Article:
your dear family. I am doing very well. And I hope everything is going
very well to you all there.

Thank you so, so much for what you are doing for FOVC and its
beautiful children. The children of FOVC, the staff and the people of
Shanto are very much thrilled to meet you and your beloved husband in
November. You and your organization bring many hope to Shanto and its
people.

I am sure you will be pleased with the changes, which the money EOR
has sent, made in Shanto. Before your support we did not have toilet
facility. But we have it now. We did not have kitchen, but we have it
now. The most beautiful building with many facilities is under
construction for the children who came from dusty streets in Shanto.
These all are due to your hard working. I thank you once again for
everything which you are doing for FOVC!!!

With much regards,
Desalegn

Here is a note from his blog:

With many thanks to EOR, FOVC has provided 114 chickens and roasters to the 57 children in order to help the children grow their own asset for future purpose. Culturally, the child who has parents is usually given small chickens and he should grow up the chickens for his future assets. If a child is provided with chickens he/she will grow the chicken to big and the off springs will be sold to buy small sheep or small goat. Then the goat will give birth to off springs and those off springs also will be sold to buy cow/oxen. That helps the child as his/her own asset in the future. Knowing that great cultural value we have provided to all FOVC children both male and female chickens. And our staff members are following up the well being of the chickens. We are also preparing the ground to raise the chickens in the FOVC compound to use the eggs and roasters for meals to children.
You are helping to complete the big building that is currently under construction.  The bricks you buy really do make a significant and instant impact for the children of FOVC.
With the addition of 250 blocks given to Tesfa for his birthday yesterday, we can fund almost 3600 bricks for FOVC.  This is a really fine number, and yet, I know we can add more!  Most of these bricks have been birthday gifts to me, to Noah, or to Tesfa.  If you haven’t given, now’s your chance.  Bar Mitzvah gift, loose change, single donation for $50,000~~EOR can use it all.  Please consider adding to my lovely LEGO wall, and more importantly, to the real walls that will shelter real kids in Ethiopia.
Paige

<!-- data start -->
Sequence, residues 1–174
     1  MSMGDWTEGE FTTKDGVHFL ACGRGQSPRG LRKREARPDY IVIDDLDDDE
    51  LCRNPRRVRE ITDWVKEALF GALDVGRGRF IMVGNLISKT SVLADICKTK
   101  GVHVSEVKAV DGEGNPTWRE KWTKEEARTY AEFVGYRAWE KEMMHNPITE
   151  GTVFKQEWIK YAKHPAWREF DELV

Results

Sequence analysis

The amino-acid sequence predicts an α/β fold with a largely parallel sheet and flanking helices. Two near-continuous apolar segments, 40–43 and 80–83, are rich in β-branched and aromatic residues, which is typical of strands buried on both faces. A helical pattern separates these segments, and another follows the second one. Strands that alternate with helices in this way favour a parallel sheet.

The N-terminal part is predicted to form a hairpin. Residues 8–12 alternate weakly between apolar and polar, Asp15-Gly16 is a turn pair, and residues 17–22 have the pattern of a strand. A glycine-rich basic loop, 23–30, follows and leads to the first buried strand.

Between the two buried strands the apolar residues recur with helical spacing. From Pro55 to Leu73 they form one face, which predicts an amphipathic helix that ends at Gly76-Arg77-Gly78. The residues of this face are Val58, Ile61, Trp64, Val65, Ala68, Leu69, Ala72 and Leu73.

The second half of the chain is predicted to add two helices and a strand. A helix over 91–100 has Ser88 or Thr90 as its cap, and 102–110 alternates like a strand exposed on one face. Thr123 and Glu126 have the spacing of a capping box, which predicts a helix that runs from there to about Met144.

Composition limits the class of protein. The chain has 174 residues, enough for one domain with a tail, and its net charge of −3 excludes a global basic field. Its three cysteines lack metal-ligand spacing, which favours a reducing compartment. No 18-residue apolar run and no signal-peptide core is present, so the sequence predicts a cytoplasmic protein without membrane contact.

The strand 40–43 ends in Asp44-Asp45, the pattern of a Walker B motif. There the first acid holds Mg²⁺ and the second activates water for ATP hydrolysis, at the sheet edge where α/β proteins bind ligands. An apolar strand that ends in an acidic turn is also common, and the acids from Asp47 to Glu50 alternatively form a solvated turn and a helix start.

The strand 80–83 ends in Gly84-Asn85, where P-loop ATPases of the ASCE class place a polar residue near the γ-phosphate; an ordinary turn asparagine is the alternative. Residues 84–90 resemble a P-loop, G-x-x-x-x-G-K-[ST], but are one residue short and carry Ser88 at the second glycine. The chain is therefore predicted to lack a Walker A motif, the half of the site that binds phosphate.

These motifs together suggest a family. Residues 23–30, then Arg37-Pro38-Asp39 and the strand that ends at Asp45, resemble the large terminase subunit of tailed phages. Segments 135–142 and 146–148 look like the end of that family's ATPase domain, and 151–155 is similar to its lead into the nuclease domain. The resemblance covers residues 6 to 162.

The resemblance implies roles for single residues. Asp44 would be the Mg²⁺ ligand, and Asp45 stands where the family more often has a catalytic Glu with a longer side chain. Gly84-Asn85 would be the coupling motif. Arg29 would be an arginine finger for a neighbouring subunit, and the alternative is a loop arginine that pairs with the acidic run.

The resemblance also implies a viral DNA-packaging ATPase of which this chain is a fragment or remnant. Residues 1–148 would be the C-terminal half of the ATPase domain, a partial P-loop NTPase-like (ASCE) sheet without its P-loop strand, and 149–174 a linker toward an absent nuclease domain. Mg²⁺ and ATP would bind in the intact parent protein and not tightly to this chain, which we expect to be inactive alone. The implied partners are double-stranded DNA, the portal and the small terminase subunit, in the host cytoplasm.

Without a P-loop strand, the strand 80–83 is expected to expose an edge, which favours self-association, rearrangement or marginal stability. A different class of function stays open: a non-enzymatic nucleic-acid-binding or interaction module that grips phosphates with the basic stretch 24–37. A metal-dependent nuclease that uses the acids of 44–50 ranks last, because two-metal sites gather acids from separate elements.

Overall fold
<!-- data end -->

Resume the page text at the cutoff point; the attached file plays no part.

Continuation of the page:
now see what you did…

Sorry there was no brick campaign update yesterday, but with another 800+ blocks to add, the construction crew needed more time to build sort through piles of LEGO for suitable pieces.  That’s right–you have purchased more than 3300 bricks for the children of FOVC!!!

We are so honored to work with each and every one of you. YOU are EOR!!!

 

While the wall grow rapidly, FOVC needs many more bricks to complete construction.

I want to provide bricks for FOVC!

Paige (who can’t wait to build some more!)

donate the day you were born

I love what EOR does for the children of Ethiopia. I wish that I could give more, but my husband and I are on a tight budget. Luckily I have found an easy way to be able to give even without a huge bank account.   Donating my birthday (through Facebook Causes) has been a huge success.  I’ve donated my birthday for two years.

Instead of another sweater or gift card,  I ask friends and family to contribute what they can to EOR. This year, with their help, we raised over $600 to build a mini library at Children’s Heaven.  I can attest to how badly this library was needed.  When my husband and I visited Children’s Heaven this summer, Hanna Fanta, the director, showed us the library.  It was a small room with a few tables and unfortunately, there were more chairs in the room than there were books to read. That is NO longer the case. While there is still more work to be done in the library, it is off to a great start thanks to the generosity of my friends and family.

My son is quite the philanthropist as well. His first birthday celebration is tomorrow. He has requested (yep, on his own, because he is a baby genius!)  that in lieu of gifts,  people make a contribution to EOR for the ‘Buy a Brick-Build a Legacy’ Campaign. What little boy doesn’t love blocks and bricks?

If you really want your birthday to count for something, why not donate it via Facebook and build your own legacy too?

Amy

 

 

super short update

Here’s today’s update–another 50 bricks for the kids of FOVC.  They’re the black row, added to the top of the wall–stupendous!

With all that we’ve added, we still have miles to go.  Please consider making your own brick donation, large or small on behalf of the many children at FOVC who spend their entire day outdoors.  No matter the weather, these kids eat, learn and play outside.  You can help build them a safe, warm center with your gift.

I want to provide bricks for FOVC!

Paige